So, I’m back for the next instalment of UX basics! If you’re new to the concept of UX, or just want to get a handle on some strong basic principles to start laying the footings for creating great user experiences then you are in the right place.
Choice is great isn’t it? Being free to choose feels good!
I like options (and I’d wager that you do too!) the more the better 😀
… That is until I need to actually make a decision to buy that product or commit to that plan, then suddenly all those choices seem overwhelming, mind boggling even. I can’t decide, I’m overloaded, I think I’ll mull it over later but I won’t ever quite get round to it.
Dun dun dun… Possibility paralysis! The paradox of choice.
This is a well documented and studied phenomena. Pretty much all research points to people wanting endless choice but not being able to cope with it when they are given such freedom. Yet product owners and service providers still can’t resist the urge to give prospects ALL OF THE OPTIONS (because, secretly it’s what they’d want really! It’s an unfortunate vicious cycle.)
There’s a go to study to illustrate the paradox of choice in simple terms which was carried out by Professor Sheena Lyengar and written about in her book The Art of Choosing. Here’s a rundown of some of the findings:
- When shoppers were given the choice of sampling 24 different flavours of jam, 3% of them made a purchase.
- When shoppers were faced with only 6 sample jam flavours, 30% then bought.
- The sampling station with more choice attracted more attention but…
- The sampling station with less options resulted in more sales.
- 75% less choice resulted in 10 times more purchases.
- This indicates too much choice is bad UX, that it is actually detrimental to decision making and is often the cause of thought and action paralysis and reduced conversion rates.
So what can you do to stop your prospects getting overloaded and encourage swift easy decision making?
- The best and simplest solution is to limit choice. I can’t stress this enough! Limit your prospects options to improve user experience and you will without doubt be less likely to overwhelm them.
- If you do have several (hopefully very well thought out) options or pricing tiers, ensure that you clearly differentiate them. Avoid confusing overlap by making different options clearly defined and state what the prospect will be getting when they make a purchase with abundant clarity to raise conversions.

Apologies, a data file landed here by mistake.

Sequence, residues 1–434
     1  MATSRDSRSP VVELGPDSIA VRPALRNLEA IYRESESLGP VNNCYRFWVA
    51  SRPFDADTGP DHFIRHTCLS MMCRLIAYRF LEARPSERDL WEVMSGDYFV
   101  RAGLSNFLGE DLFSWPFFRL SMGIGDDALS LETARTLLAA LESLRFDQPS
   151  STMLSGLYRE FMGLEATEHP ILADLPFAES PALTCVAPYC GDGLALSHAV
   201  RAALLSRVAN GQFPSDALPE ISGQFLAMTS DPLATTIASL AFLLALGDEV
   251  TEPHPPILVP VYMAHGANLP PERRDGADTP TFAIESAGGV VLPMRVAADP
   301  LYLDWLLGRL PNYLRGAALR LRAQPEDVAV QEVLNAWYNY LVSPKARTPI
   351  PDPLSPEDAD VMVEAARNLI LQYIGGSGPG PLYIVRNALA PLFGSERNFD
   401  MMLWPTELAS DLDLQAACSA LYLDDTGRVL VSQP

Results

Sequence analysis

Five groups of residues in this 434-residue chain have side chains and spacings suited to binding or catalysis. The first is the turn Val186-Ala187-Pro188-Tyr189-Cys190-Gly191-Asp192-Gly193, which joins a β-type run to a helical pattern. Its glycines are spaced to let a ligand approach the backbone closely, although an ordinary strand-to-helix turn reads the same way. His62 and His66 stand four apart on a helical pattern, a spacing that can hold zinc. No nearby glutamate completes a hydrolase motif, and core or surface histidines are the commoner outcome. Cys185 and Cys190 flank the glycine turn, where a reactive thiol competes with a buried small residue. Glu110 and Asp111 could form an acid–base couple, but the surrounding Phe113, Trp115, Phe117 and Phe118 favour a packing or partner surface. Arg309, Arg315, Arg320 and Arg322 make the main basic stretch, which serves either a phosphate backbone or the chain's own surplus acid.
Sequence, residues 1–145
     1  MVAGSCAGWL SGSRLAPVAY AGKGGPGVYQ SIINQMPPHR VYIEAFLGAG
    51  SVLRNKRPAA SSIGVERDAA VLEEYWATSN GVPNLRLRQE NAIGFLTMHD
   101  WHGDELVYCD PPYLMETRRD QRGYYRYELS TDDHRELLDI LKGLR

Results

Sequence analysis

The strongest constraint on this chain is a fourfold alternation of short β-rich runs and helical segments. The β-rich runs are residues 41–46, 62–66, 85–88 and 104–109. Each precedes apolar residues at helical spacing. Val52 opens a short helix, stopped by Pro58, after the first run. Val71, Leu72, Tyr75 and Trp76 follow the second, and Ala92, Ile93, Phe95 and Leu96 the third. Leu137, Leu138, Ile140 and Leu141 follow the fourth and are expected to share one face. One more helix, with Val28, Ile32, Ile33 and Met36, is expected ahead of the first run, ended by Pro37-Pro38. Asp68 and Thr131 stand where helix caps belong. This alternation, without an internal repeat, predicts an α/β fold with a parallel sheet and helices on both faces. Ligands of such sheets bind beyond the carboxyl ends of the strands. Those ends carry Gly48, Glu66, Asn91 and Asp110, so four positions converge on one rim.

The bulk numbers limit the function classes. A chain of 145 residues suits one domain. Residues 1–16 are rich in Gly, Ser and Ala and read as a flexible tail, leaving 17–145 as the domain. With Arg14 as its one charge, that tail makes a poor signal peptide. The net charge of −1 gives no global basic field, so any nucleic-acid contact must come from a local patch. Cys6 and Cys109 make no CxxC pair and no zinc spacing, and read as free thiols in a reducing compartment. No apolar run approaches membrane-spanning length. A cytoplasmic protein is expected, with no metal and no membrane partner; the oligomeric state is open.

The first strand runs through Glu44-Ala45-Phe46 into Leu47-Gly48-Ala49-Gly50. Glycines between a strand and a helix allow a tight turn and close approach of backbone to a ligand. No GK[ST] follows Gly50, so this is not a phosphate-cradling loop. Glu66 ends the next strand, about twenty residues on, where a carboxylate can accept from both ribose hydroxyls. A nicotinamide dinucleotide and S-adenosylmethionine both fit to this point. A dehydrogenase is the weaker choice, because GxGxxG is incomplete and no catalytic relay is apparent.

- Obviously clean and clear user centred design has a large part to play, making sure you adhere to design best practises is a crucial. Let the user’s subconscious and proven principles of psychology do the hard work for you. Don’t try and reinvent the wheel with how you display your offering. Intuitive is the aim of the game and if things aren’t displayed as the user expects them to be you’re providing unnecessary barriers to conversion.
- Make suggestions or direct users towards a particular course of action or package to reduce cognitive load. This can be in the form of a “preferred plan” or “most popular” package. Differentiate and highlight it with colour to draw the prospects attention. Directing the user towards a best course of action can also be in the form of a special offer or an incentive… cue point 5!
- You can always improve user experience and sweeten the deal with something like get the first month free or having an accessible pay monthly option. (Before you ask, yes I do see the irony in suggesting inducting an additional option!)
- Pricing needs to be upfront and obvious. Nothing undermines trust (a vital cog in the user experience wheel!) like having to go hunting for the cost of the the product or service that you’re interested in purchasing.
- Ensure you have a clear and obvious CTA …I mean that should go without saying but I’m going to say it anyway!
- Basically just do anything you can to reduce the load on the user 🙂
There are many areas where these principles are applicable, (not just in a tiered product pricing table for example.) You want to steer away from too many services, too much product choice, too many conflicting offers and too many social share options. This is the case on your website or app, in your marketing emails, ads or popups, the list goes on… When presented with too much choice, people can’t make a decision. That means they can’t choose your offering, they don’t get what they need and neither do you – it’s lose, lose. I can’t off the top of my head think of a scenario where more choice is better! More is actually less. 🙂
I want to help you learn about and harness tactics that will increase your conversion. If you want to reap the rewards that giving your users a great experience will bring, check out my UX audit service page and get in touch today.
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This is the first in a series of posts that I’ll be creating that explore basic...